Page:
Retro Wrestling Gaming: A Look at Championship Wrestling (1986, Epyx)

By 1986, the pro-wrestling scene was experiencing a boom as it had never seen before, with WWE leading the way. Seeing a great opportunity, Free Radical Software developed a video game named, “Championship Wrestling”, which was released that year by Epyx. It was available for two of the most popular 8-bit computers at the time -the Apple II and Commodore 64- as well as the Apple IIGS and Atari ST.

Championship Wrestling featured eight wrestlers, with most of them being very similar to specific real-life wrestlers either in gimmick and/or appearance. For example, Prince Vicious was flamboyant, Zeke Weasel was a country boy, Colonel Rooski was a Russian, The Berserker was wild and had a makeup design on his face, Howling Manslayer was a Native American, and K.C. Colossus had a blonde mustache and wore yellow boots and trunks.

It is rumored that the original plan was for this video game to be the first-ever WWE video game but ultimately the license did not come to fruition. This rumor is unlikely, considering the fact that many of the characters did not remotely resemble wrestlers who were on the WWE roster around the time that Championship Wrestling was published.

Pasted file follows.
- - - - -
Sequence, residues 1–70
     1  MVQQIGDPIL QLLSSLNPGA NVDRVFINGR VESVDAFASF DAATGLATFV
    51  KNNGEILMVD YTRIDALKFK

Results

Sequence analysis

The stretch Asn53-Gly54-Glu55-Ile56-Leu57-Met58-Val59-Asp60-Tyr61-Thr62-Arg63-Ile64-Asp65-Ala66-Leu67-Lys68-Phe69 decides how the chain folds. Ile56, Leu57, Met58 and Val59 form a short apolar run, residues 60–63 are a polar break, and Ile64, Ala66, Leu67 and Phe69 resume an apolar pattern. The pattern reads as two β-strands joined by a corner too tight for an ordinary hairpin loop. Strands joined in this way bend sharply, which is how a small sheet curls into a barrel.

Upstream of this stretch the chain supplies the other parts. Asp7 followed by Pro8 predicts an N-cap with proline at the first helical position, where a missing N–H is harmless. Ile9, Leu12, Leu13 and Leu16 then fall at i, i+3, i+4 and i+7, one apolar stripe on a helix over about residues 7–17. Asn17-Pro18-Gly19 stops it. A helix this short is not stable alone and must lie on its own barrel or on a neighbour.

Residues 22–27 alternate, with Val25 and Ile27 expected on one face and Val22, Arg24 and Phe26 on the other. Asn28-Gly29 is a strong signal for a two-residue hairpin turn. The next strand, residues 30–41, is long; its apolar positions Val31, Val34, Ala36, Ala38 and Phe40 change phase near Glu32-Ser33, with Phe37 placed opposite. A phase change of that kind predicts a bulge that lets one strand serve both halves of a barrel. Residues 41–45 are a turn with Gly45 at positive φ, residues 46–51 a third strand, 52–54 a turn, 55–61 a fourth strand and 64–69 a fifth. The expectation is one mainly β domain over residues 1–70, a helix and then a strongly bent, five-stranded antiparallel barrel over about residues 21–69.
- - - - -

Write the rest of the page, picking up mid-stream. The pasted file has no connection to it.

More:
Nonetheless, Championship Wrestling was a good game for Free Radical Software and Epyx to use for their debut on the pro-wrestling video game scene. Its graphics were better and provided a larger selection of moves than Tag Team Wrestling, which was the first pro-wrestling video game and had made its debut three years earlier.

The Commodore 64 version of Championship Wrestling can still be found today on Amazon. Currently, no one owns the trademark for Championship Wrestling. Epyx went defunct in 1993, and with continued use not filed within the grace period (it had most recently been filed in August 1987), the USPTO declared the trademark un-revivable in October 1994.

However, being that Epyx no longer exists, someone else could file for the trademark. This would be a great opportunity for a company that wants to publish a pro-wrestling game with an already established brand. An updated version of Championship Wrestling can be created, featuring contemporary wrestlers, with improved graphics.

Championship Wrestling was a game that was greatly enjoyed by pro-wrestling fans in the 1980s, and many of them are parents of young pro-wrestling fans today.  The parent who is buying video games as a gift for their child but is unsure as to which games to buy, will very likely choose the game that has the familiar, “Championship Wrestling” brand that they remember from decades ago. Therefore, the brand still has value.